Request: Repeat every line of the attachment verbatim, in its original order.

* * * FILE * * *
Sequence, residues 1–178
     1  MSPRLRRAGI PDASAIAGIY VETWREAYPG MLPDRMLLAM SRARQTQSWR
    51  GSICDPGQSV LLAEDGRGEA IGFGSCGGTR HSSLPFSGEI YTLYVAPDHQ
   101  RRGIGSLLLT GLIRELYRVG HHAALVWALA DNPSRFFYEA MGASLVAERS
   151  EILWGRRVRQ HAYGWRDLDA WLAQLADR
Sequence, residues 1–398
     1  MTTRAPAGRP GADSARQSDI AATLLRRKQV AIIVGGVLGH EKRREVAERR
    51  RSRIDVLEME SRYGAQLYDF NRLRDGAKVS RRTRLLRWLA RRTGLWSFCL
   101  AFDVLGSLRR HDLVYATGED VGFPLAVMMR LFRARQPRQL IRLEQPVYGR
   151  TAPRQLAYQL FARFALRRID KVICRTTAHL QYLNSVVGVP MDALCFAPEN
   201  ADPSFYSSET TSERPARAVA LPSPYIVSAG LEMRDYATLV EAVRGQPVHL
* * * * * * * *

Sequence, residues 1–178
     1  MSPRLRRAGI PDASAIAGIY VETWREAYPG MLPDRMLLAM SRARQTQSWR
    51  GSICDPGQSV LLAEDGRGEA IGFGSCGGTR HSSLPFSGEI YTLYVAPDHQ
   101  RRGIGSLLLT GLIRELYRVG HHAALVWALA DNPSRFFYEA MGASLVAERS
   151  EILWGRRVRQ HAYGWRDLDA WLAQLADR
Sequence, residues 1–398
     1  MTTRAPAGRP GADSARQSDI AATLLRRKQV AIIVGGVLGH EKRREVAERR
    51  RSRIDVLEME SRYGAQLYDF NRLRDGAKVS RRTRLLRWLA RRTGLWSFCL
   101  AFDVLGSLRR HDLVYATGED VGFPLAVMMR LFRARQPRQL IRLEQPVYGR
   151  TAPRQLAYQL FARFALRRID KVICRTTAHL QYLNSVVGVP MDALCFAPEN
   201  ADPSFYSSET TSERPARAVA LPSPYIVSAG LEMRDYATLV EAVRGQPVHL